A well-conceived challenge to the claim to historic legitimacy of today's Tea Party demonstrators.

Read More Show Less

Product Details

  • ISBN-13: 9781595581808
  • Publisher: New Press, The
  • Publication date: 11/30/2010
  • Pages: 288
  • Product dimensions: 9.76 (w) x 11.70 (h) x 0.95 (d)

Meet the Author


Barbara Clark Smith is the curator of political history at the Smithsonian’s National Museum of American History. Her publications include After the Revolution and “Revolution in Boston,” a handbook for the National Park Service Freedom Trail. She lives in Washington, D.C. This is her first trade book.
Read More Show Less

Customer Reviews

Be the first to write a review
( 0 )
Rating Distribution

5 Star

(0)

4 Star

(0)

3 Star

(0)

2 Star

(0)

1 Star

(0)

Your Rating:

Your Name: Create a Pen Name or

Barnes & Noble.com Review Rules

Our reader reviews allow you to share your comments on titles you liked, or didn't, with others. By submitting an online review, you are representing to Barnes & Noble.com that all information contained in your review is original and accurate in all respects, and that the submission of such content by you and the posting of such content by Barnes & Noble.com does not and will not violate the rights of any third party. Please follow the rules below to help ensure that your review can be posted.

Reviews by Our Customers Under the Age of 13

We highly value and respect everyone's opinion concerning the titles we offer. However, we cannot allow persons under the age of 13 to have accounts at BN.com or to post customer reviews. Please see our Terms of Use for more details.

What to exclude from your review:

Please do not write about reviews, commentary, or information posted on the product page. If you see any errors in the information on the product page, please send us an email.

Reviews should not contain any of the following:

  • - HTML tags, profanity, obscenities, vulgarities, or comments that defame anyone
  • - Time-sensitive information such as tour dates, signings, lectures, etc.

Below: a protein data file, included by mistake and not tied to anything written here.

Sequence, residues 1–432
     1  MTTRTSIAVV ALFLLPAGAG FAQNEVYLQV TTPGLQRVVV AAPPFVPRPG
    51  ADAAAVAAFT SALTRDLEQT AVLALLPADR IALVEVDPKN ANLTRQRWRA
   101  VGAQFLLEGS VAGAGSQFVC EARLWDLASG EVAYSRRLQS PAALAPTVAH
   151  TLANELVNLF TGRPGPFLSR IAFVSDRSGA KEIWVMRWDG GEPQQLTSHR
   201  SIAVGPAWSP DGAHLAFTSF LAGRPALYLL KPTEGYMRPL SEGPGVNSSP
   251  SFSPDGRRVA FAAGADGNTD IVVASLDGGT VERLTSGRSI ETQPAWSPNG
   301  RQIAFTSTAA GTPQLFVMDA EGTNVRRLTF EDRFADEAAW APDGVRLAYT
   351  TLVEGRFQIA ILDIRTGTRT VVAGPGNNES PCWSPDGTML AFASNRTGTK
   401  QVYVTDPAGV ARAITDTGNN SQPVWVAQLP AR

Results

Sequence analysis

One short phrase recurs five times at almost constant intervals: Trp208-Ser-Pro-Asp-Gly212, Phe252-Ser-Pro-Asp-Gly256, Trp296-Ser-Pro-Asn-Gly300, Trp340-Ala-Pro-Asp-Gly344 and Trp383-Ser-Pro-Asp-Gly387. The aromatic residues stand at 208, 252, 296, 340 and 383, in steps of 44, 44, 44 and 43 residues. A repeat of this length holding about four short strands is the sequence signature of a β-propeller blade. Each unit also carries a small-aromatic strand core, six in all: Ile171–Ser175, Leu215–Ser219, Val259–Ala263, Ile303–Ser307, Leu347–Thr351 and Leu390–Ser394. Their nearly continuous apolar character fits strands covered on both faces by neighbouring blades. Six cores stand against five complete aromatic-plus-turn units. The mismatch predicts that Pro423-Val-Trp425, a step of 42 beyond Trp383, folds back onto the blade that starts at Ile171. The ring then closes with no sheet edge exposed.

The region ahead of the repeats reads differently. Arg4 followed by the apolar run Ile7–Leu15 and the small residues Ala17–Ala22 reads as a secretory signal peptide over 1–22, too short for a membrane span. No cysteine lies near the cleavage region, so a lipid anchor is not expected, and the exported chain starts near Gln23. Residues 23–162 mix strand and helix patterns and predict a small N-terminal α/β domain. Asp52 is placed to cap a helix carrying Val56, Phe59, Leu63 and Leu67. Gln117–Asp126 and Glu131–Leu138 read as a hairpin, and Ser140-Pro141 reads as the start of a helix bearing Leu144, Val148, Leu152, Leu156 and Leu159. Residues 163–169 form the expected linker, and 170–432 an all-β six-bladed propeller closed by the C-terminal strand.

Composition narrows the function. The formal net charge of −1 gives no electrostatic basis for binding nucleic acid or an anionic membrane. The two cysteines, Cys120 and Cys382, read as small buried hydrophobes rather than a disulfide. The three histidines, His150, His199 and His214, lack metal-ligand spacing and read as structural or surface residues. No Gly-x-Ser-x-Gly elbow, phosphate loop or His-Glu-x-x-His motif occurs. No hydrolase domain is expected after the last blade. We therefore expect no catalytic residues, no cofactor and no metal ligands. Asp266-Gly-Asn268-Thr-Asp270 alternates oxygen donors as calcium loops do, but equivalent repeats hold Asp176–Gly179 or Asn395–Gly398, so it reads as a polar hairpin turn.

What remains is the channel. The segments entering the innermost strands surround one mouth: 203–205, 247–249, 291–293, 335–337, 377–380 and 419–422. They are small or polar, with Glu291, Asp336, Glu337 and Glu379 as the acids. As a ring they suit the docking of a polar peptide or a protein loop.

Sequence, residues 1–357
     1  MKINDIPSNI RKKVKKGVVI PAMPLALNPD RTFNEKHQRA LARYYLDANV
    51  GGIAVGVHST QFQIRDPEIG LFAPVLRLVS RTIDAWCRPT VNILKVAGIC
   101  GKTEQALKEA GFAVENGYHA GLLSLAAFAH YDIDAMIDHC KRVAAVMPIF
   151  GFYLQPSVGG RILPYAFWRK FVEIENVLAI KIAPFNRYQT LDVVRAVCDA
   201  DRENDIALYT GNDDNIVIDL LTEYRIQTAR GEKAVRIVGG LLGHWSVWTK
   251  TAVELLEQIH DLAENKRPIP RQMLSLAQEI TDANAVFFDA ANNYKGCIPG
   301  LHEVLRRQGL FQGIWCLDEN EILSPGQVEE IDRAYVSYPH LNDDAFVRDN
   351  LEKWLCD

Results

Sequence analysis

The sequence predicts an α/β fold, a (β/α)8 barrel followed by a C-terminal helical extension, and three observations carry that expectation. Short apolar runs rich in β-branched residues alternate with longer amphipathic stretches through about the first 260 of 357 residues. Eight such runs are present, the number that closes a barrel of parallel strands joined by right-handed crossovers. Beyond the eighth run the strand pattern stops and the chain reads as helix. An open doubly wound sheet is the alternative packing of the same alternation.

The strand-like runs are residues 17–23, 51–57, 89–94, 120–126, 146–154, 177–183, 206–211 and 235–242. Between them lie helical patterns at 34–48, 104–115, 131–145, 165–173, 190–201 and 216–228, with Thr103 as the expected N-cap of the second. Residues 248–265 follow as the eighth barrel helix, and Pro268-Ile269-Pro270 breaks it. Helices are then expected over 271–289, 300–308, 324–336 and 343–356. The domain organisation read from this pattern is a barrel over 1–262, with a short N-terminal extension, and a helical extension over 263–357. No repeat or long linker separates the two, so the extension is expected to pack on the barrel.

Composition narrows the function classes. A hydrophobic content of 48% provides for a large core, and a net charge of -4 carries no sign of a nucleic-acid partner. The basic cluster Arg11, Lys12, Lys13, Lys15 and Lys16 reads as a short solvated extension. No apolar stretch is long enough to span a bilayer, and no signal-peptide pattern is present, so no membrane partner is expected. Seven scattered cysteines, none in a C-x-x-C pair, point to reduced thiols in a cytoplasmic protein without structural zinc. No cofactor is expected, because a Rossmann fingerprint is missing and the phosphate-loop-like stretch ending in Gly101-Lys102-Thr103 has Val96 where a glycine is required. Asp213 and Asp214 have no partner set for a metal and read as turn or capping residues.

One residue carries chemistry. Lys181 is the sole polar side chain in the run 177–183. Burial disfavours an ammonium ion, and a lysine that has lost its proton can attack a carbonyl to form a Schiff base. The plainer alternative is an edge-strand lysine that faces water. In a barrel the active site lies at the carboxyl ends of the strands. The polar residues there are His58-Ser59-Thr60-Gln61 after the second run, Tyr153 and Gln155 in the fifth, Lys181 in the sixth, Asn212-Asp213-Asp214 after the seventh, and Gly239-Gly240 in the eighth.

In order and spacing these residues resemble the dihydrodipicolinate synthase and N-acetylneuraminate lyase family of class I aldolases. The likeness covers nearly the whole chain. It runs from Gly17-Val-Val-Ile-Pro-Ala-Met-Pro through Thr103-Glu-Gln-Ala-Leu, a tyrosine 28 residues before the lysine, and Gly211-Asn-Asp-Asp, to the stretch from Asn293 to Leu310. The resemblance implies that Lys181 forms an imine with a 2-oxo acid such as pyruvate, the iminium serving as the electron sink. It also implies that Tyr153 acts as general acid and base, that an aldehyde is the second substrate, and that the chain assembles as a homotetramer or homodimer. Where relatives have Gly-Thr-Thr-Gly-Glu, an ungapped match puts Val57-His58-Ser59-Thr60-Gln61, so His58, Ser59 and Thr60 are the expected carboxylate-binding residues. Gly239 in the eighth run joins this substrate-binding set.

• - Single-word reviews. Other people will read your review to discover why you liked or didn't like the title. Be descriptive.
  • - Comments focusing on the author or that may ruin the ending for others
  • - Phone numbers, addresses, URLs
  • - Pricing and availability information or alternative ordering information
  • - Advertisements or commercial solicitation

Reminder:

  • - By submitting a review, you grant to Barnes & Noble.com and its sublicensees the royalty-free, perpetual, irrevocable right and license to use the review in accordance with the Barnes & Noble.com Terms of Use.
  • - Barnes & Noble.com reserves the right not to post any review -- particularly those that do not follow the terms and conditions of these Rules. Barnes & Noble.com also reserves the right to remove any review at any time without notice.
  • - See Terms of Use for other conditions and disclaimers.
Search for Products You'd Like to Recommend

Recommend other products that relate to your review. Just search for them below and share!

Create a Pen Name

Your Pen Name is your unique identity on BN.com. It will appear on the reviews you write and other website activities. Your Pen Name cannot be edited, changed or deleted once submitted.

 
Your Pen Name can be any combination of alphanumeric characters (plus - and _), and must be at least two characters long.

Continue Anonymously

    If you find inappropriate content, please report it to Barnes & Noble
    Why is this product inappropriate?
    Comments (optional)